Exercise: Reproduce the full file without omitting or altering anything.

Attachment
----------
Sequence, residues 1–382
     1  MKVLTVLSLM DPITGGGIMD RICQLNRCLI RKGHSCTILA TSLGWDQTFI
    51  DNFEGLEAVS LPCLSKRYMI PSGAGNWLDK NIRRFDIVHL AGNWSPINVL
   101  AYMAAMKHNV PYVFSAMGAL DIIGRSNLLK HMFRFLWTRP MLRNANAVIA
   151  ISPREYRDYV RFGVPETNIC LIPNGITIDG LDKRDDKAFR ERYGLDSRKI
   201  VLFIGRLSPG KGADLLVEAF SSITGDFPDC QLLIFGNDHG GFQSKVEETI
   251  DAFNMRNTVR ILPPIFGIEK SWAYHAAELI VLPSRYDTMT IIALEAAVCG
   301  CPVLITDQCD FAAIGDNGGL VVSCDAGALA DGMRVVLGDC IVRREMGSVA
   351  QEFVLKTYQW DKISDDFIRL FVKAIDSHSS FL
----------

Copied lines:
Sequence, residues 1–382
     1  MKVLTVLSLM DPITGGGIMD RICQLNRCLI RKGHSCTILA TSLGWDQTFI
    51  DNFEGLEAVS LPCLSKRYMI PSGAGNWLDK NIRRFDIVHL AGNWSPINVL
   101  AYMAAMKHNV PYVFSAMGAL DIIGRSNLLK HMFRFLWTRP MLRNANAVIA
   151  ISPREYRDYV RFGVPETNIC LIPNGITIDG LDKRDDKAFR ERYGLDSRKI
   201  VLFIGRLSPG KGADLLVEAF SSITGDFPDC QLLIFGNDHG GFQSKVEETI
   251  DAFNMRNTVR ILPPIFGIEK SWAYHAAELI VLPSRYDTMT IIALEAAVCG
   301  CPVLITDQCD FAAIGDNGGL VVSCDAGALA DGMRVVLGDC IVRREMGSVA
   351  QEFVLKTYQW DKISDDFIRL FVKAIDSHSS FL